Let’s try and untangle the congested freeway of e-book news that had led to the enhanced content myth. No matter what business model evolves as the de fact online retail model (wholesale to retail or agency model), publishers are struck, for the most part, with existing market pricing for best-sellers. With $9.99 being the norm, not only from Amazon but from those hoping to compete with the online giant, e-book customers have shown little elasticity in their purchasing habits. A number of e-book retailers say that once pricing surpasses $11 per title, sales hit the wall and drop off significantly.
Out of this consumer intransigence comes the notion of “enhanced books.” Modeled on Apple iTunes’ “Extras” which packages goodies such as liner notes, interviews and even original material, enhanced books combined such value-adds as author interviews and video to jack up the retail price. The excitement over enhanced books grew with the introduction of the iPad in that the device offers more real estate, a glitzy color screen and a platform that could be flexible enough to mash book content with publisher goodies.
Sound like a promising way for publishers to squeeze a few dollars extra out of the book-buying world? Sadly, the notion deflates like a old spare tire when you consider:
- Publishers and developers have no clear idea on what constitutes enhanced content worthy of a few extra consumer shekels.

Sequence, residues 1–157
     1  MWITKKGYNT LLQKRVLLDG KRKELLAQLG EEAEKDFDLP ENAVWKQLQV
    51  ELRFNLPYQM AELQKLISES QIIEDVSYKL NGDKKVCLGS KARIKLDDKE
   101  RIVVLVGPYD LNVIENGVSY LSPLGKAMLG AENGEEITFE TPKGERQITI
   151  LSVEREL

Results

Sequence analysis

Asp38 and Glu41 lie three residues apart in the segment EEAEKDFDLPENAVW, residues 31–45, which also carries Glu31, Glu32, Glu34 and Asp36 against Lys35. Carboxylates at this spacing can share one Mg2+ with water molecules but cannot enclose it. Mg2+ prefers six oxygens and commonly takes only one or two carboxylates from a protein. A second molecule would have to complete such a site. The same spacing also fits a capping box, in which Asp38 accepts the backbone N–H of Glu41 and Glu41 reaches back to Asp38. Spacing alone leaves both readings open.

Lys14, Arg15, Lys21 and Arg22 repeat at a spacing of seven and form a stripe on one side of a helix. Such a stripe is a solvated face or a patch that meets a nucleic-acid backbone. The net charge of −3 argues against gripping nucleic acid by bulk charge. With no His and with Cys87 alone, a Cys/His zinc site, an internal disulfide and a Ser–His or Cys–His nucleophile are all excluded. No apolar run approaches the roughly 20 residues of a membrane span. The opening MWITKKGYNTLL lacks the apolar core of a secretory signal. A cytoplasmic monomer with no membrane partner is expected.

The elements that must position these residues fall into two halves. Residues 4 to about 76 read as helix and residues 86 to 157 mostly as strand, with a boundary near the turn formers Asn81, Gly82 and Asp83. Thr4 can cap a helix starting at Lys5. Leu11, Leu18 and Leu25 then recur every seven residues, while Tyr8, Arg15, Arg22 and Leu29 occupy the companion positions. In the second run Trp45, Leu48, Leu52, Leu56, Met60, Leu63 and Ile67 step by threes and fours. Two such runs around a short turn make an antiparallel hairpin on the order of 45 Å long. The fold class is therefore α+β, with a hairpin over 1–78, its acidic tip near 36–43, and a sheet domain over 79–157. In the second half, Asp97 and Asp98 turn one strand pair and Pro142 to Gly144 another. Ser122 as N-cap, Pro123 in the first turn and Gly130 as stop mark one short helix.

- Publishers most likely don’t have the rights to the content needed to create these enhanced packages.
- The myriad of platforms (iPhone OS, Android, Html 5, Windows 7) each have their own specifications making uniform enhanced content offerings a developer’s nightmare.
This nets out to a limited supply of enhanced content packages (however that’s defined) for soon-to-be-released devices such as the iPad. Publishers admit the value-added e-book game will require a lot of trial and error before anything reaches the balance of price and consumer interest.
While some argue that it will be easier to build enhanced content for non-fiction titles (travel, cooking, etc.) that combine dynamic info with static e-book content, I disagree. If the resulting mash of recipes and cooking video looks like little more than a decent cooking web site, I think such a content asset is a recipe for disaster. Again, trial and error will be the industry norm for quite a while.